If you like this, you may also like – A time-honored marketing technique is affinity transfer. This is, for instance, credit card companies offering cards with the logo of your college or club on the front in order to convert your love for your old alma mater into a higher number of transactions on the card. IWC’s relationship with Mercedes AMG Formula 1 drivers Lewis Hamilton and Nico Rosberg (and with the team itself) seems a pretty good example here, as well as Hublot’s similar play with Ferrari and its drivers.
And more – I could go on! There are theme-based associations as with Jaeger-LeCoultre and the cinema, for instance. And, as with most things, the area of celebrity endorsements does include some head-scratchers for me.
For instance: Ryan Seacrest for Zenith? And those Hublot boxing trunks on Mayweather? Yes, I know that Hublot is active with the boxer’s charity and has other boxing celebs on the roster, but “Everlast” would seem a more appropriate brand placement for that spot.
Collectors: I have a secret to tell
For collectors (including myself) who have moaned over the years about the amount of money that brands spend on endorsers, I have a secret to share: brands aren’t doing this for us.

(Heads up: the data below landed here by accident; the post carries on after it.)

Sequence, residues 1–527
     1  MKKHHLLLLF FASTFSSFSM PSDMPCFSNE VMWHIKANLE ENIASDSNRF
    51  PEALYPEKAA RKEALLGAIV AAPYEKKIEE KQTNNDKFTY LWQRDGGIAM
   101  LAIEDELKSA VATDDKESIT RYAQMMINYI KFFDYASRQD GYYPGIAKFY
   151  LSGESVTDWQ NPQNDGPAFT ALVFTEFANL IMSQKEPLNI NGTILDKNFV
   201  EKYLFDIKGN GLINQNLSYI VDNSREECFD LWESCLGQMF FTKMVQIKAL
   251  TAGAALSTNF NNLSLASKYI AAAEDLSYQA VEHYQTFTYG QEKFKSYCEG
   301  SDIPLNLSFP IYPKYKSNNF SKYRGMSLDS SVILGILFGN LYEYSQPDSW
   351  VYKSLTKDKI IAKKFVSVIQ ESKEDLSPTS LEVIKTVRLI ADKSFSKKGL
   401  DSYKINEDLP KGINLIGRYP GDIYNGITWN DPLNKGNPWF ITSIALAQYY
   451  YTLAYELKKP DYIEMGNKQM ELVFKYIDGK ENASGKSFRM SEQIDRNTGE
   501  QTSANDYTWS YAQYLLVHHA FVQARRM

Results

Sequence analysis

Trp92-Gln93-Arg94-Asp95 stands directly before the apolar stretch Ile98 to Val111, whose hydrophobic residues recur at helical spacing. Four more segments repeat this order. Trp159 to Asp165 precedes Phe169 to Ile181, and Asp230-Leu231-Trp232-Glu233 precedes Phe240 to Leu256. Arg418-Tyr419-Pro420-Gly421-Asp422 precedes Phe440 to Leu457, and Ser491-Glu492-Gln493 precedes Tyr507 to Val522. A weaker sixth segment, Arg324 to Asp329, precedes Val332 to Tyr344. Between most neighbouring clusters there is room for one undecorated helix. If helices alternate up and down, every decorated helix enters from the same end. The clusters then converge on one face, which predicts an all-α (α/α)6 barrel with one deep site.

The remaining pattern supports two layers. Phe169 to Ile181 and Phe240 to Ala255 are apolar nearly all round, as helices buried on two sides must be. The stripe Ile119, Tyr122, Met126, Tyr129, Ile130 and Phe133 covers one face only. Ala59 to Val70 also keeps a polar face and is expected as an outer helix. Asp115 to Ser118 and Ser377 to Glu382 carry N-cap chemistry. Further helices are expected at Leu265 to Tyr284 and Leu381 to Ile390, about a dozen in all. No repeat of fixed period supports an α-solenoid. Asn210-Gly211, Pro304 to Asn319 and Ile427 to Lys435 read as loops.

Markets are made of segments, and the segment of the market that is primarily interested in the inner workings of timepieces and the people who make them is unlikely to be influenced by celebrities. And, let’s remember the three reasons for spending marketing money that I mentioned at the outset: by and large, these expenditures are largely aimed at new customer acquisition. In many ways, collectors have already made decisions on other grounds about being “acquired” by different brands.
Also, realize that some celebrity relationships are perhaps most useful to brands in motivating their distributors and dealers: when supermodel Adriana Lima shows up at the annual IWC dinner at SIHH, that’s about the retailers, not us.
If you see celebrity involvement as a fun part of the luxury goods experience and have the opportunity from time to time to press the flesh with Jackie Stewart or golf with Nick Faldo, enjoy! But have reasonable expectations – by and large, making sponsor appearances is a job, not a joy, for these folks (although I must say that Sir Jackie seemed to be having a blast at the Rolex event I attended). Expecting them to get deeply engaged in watch talk is likely to lead to disappointment.
If none of this celebrity stuff appeals to you personally, try to understand why brands might choose to use these techniques to expand market reach and build affinity.
And if a brand’s endorsement practices truly offend you, buy something else!
* This article was first published on May 27, 2015 at Celebrity Ambassadors: Good Marketing Or Terrible Waste?